“Crew members love to eat at restaurants, shop on their off days, and drink a whole lot of coffee. The needs of production include lumber, gas for vehicles, lodging and catering. Our presence will definitely be felt…and hopefully in a good way as we want to involve the community as much as possible,” says Arvold.
“This is the bonus of making an independent film, we have the luxury of not taking orders from a studio in LA. Our approach to filmmaking is to create a collaborative environment and a fulfilling experience for everyone involved, especially the community,” notes Timmins.
The production plans to document the behind-the-scenes aspects of the filmmaking process with a “making of” featurette that will highlight local communities, businesses and people who have contributed to the process.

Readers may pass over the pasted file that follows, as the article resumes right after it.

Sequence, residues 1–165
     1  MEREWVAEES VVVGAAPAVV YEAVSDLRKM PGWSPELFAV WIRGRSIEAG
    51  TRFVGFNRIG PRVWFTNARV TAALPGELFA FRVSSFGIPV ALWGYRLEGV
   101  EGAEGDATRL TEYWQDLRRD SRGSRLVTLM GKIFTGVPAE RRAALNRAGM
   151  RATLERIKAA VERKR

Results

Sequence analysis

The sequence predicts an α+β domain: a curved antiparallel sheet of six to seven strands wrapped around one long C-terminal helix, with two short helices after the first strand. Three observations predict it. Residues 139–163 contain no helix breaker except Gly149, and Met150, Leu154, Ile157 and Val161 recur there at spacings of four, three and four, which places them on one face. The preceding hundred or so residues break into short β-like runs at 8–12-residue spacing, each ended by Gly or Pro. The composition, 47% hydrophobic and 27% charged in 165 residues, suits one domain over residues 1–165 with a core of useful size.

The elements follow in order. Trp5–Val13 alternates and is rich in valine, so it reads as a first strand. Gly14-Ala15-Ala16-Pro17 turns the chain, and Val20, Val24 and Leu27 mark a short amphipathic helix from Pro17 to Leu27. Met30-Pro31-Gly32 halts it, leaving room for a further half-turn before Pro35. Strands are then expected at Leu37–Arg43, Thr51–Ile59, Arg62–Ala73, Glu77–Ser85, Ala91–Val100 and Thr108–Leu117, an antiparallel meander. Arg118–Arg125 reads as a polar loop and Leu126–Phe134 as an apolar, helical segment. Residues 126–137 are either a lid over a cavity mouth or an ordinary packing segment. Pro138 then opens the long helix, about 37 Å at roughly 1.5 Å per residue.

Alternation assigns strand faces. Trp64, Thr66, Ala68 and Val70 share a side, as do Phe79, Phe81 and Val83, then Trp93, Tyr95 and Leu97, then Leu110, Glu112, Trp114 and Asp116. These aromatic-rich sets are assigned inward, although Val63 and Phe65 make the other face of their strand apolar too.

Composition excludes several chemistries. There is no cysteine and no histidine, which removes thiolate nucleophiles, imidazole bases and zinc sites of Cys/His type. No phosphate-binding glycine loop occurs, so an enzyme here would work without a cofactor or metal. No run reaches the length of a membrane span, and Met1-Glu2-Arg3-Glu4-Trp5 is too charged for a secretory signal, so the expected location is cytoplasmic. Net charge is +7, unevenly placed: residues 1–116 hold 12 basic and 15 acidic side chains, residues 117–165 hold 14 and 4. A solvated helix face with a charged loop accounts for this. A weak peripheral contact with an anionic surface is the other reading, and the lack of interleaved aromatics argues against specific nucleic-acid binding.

“We offer opportunities for sponsorships and are already engaged in several collaborations with local businesses,”
says Timmins. “We have so much interest and support from non-profits and area organizations who will benefit from the awareness that this fictional story brings to the area and environmental issues. We look forward to announcing all of these partnerships at green light.”
Tentatively shooting this summer, the project’s final scheduling depends on fundraising, which the production team is in the thick of right now. Despite the short time frame to raise the remaining capital needed, the team remains confident in the project’s ability to gain backing and knows that the support of the Bay community will bring this project to life.
Making a film is a collaborative art form, both creatively and financially, and making a film requires a lot of hard work and dedication. “We love what we do and we’re excited to showcase the Chesapeake Bay and honor it’s beautiful culture,” says Hurt.
You can view their promo video at their website, www.chesapeakethefilm.com.